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In this episode we address a question which is centered around resentment. Resentment is a stumbling block in recovery we all have to face. But it isn’t insurmountable. It can be overcome. Steve, James and his wife Kristy talk about their personal experiences with and opinions about resentment, forgiveness, self-compassion, validation, and more. If you have an anonymous question, please submit it here.
The Question: I came across your podcast on Spotify recently and binge-listened to all of your podcast episodes at work. I loved them so much and I appreciate the mission you’re seeking to accomplish through this forum by helping people feel unashamed about addiction recovery and unafraid to let Christ take the pain for us.
I am a single 20-year-old man living in Utah and I have struggled with porn addiction since I was 10 years old. When I was 17 I went through rigorous recovery efforts so I could be worthy to be an LDS missionary and succeeded (I left for the mission field in May of 2018), but had to return home early after 2 months because of the severe anxiety and depression I had not fully healed from in my addiction recovery efforts. It absolutely crushed me to come home early and many of my friends didn’t know how to help me during this difficult time. My loneliness hit an all time high, and my depression became even more extreme during the next 6 months of being home. Consequently I’ve fallen heavily back into porn addiction, and I am going through addiction recovery again. It feels like a whole new ballgame compared to when I last went through rigorous addiction recovery efforts.
A big driving factor I have for my addiction is resentment towards everyone around me - for the mistakes my parents made raising me, for my friends who have left me behind and hanging out to dry, and to almost anyone around me who doesn’t notice how lonely and depressed I am, despite them professing to be followers of Christ and pledging to help all those in need. Struggling with porn addiction, along with anxiety/depression is an incredibly lonely path, and I easily get resentful towards those around me who don’t recognize how to help me. My question is, how can I let go of that resentment? My biggest fear about being honest and completely open about my addiction recovery is that I risk getting hurt more by people around me, thus giving me even more “reason” to have resentment towards those around me. But this resentment is really holding me back in my recovery, and I want to heal. What would you suggest to someone in my situation?
I look forward to hearing back from you, thanks for all the amazing work you’re doing. I am convinced that it was God’s hand in my life to happen upon this forum.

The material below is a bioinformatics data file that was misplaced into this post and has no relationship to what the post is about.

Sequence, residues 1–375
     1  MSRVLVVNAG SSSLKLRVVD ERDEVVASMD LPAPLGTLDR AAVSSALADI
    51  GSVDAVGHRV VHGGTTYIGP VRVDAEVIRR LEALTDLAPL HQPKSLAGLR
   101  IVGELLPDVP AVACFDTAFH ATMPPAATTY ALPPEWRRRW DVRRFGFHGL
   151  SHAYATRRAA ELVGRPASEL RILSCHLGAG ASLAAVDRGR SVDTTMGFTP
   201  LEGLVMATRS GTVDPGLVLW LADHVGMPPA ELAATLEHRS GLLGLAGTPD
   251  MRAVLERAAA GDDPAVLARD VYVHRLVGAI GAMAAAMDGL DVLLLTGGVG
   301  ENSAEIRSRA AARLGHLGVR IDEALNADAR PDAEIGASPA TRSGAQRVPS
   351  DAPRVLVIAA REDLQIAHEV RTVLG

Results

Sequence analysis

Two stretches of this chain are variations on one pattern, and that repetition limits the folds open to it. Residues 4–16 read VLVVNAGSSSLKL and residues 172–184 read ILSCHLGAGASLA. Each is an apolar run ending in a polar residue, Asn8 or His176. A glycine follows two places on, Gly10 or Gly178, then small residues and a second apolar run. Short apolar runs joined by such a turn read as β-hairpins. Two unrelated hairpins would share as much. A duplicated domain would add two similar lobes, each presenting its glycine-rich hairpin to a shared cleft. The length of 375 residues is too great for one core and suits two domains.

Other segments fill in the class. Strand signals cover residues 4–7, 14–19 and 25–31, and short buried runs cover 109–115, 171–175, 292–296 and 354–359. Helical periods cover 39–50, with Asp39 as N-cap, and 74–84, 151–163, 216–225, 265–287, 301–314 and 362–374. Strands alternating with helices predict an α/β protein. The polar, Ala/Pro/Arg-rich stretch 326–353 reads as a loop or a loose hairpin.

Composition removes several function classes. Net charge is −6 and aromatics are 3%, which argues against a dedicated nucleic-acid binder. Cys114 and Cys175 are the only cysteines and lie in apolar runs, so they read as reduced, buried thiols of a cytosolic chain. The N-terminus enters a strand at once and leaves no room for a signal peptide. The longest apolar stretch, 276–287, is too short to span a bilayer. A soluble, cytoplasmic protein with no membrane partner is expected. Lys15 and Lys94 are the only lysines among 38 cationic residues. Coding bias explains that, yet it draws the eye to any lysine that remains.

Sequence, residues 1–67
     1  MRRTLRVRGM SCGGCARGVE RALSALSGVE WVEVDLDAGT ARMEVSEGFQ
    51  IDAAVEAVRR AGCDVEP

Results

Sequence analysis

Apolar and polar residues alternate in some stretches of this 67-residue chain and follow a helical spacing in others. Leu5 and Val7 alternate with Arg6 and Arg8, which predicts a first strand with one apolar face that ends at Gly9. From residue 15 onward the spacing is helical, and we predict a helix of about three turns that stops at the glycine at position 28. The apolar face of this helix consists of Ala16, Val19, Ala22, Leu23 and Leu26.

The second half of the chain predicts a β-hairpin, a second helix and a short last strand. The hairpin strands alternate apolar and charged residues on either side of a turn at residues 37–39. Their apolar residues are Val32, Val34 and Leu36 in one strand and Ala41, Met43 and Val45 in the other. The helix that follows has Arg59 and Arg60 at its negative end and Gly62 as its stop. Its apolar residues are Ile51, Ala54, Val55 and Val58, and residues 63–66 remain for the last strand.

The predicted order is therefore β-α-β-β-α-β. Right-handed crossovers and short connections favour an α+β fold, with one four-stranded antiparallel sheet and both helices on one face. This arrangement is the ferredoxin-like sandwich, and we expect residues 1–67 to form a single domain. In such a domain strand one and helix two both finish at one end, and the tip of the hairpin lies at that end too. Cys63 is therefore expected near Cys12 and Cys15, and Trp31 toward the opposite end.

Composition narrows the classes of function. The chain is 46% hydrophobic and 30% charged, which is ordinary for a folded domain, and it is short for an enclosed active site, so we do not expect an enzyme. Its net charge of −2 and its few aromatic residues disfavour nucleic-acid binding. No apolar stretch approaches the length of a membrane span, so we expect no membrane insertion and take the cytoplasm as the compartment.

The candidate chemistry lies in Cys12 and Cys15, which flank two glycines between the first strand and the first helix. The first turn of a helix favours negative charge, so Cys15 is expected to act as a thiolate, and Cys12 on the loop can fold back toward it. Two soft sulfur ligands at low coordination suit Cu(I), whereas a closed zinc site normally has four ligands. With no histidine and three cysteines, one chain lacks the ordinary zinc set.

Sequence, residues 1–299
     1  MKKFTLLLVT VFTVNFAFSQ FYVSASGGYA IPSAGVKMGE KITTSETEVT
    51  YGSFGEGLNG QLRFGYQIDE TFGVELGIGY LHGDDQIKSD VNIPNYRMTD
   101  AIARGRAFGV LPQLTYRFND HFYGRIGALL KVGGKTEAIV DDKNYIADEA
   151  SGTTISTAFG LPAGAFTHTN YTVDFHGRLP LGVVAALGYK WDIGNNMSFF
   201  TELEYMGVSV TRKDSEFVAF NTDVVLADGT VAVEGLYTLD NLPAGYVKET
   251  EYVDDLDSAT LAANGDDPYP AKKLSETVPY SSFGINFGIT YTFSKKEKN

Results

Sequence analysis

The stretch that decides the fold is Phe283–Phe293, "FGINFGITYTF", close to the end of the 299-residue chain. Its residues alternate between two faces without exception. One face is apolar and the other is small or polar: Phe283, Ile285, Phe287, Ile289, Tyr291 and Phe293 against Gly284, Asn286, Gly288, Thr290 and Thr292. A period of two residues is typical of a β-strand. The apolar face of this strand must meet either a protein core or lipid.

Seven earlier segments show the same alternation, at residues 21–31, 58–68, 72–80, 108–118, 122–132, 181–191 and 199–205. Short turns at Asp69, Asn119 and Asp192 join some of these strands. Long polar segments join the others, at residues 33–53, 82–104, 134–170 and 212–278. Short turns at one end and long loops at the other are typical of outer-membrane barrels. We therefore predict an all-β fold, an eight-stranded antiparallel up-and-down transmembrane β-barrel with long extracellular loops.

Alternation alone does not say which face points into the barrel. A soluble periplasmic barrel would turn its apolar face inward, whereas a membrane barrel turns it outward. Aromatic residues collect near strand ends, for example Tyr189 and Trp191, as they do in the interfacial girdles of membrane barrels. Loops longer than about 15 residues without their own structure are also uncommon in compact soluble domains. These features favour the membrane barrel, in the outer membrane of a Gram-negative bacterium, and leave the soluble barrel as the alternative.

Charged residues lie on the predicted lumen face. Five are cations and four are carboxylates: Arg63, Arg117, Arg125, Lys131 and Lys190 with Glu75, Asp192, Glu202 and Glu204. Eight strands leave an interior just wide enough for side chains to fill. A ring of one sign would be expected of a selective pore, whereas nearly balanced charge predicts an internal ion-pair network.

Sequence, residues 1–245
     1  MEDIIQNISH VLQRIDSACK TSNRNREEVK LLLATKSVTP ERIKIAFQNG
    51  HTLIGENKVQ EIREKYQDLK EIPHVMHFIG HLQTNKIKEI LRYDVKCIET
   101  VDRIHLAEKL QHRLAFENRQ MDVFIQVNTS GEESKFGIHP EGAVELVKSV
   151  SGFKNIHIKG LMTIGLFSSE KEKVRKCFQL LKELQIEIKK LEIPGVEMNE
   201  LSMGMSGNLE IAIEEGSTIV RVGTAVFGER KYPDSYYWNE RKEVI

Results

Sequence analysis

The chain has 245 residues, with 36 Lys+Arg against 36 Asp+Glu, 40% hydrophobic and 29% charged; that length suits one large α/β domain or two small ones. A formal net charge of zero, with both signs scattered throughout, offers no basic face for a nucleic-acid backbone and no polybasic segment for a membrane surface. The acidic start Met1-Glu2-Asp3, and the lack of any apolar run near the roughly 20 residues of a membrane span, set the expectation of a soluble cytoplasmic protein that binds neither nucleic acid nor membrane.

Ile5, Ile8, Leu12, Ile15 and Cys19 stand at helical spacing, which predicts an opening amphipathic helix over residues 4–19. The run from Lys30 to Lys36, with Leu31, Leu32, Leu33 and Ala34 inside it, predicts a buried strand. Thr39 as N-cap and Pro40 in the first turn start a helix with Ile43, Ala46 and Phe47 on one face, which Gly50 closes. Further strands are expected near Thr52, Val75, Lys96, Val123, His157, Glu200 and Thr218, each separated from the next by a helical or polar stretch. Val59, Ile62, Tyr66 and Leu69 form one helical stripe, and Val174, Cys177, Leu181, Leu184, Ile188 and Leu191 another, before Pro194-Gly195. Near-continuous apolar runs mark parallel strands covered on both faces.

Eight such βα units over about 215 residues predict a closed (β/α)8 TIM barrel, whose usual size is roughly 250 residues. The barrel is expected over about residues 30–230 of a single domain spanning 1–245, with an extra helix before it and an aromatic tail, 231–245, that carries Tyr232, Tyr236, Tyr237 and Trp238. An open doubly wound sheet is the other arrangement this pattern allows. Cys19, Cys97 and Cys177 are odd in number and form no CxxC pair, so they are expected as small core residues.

Answer: First, we want to validate that you are likely not getting the help you need from friends, family, and your church community. You probably are getting shamed for coming home early from your mission and other cultural boxes you haven’t checked. The reason why friends and others in your life likely aren’t showing up for you is they lack the capacity to do so. They probably just don’t know how to help you and show up in the way you need. However, that doesn’t mean your pain is less real or less relevant. Have self-compassion for the difficulty you are going through. This needs to be acknowledged. Todd Olson, Steve’s therapist, says, “It happened, it hurt, and it mattered”.
Holding onto resentment is like withholding forgiveness and it only hurts you. Having resentment toward your friends isn’t hurting your friends, it’s hurting you. You can move through your resentment and heal with God whether those around you change or not. James had to challenge his resentment with consistent forgiveness again and again and over time the resentment slowly faded. Becoming free of resentment is not like a light switch. A book that helped James overcome resentment was Viktor Frankl’s “Man's Search for Meaning”.
“The antidote to fear is faith, the antidote to anger is love, and the cure for resentment is acceptance of what happened in the past.” - Kristy
The glue that is securing your resentment in place is your need for validation from these people. As Lecrae said in his book, “If you live for their acceptance, you’ll die by their rejection”. God is the only person who can validate the wounds that have formed into resentment. Even if your friends, family, and church members come and validate you it won’t be enough to change your addiction, depression, or anxiety.
We suggest these steps (Basically step 8 of the 12 steps):
Write it down. What hurt, what happened, and how it affected you.
Self Inventory. What could you have done differently? Have you made any mistakes in the process? Anything you can change that is contributing to the problem?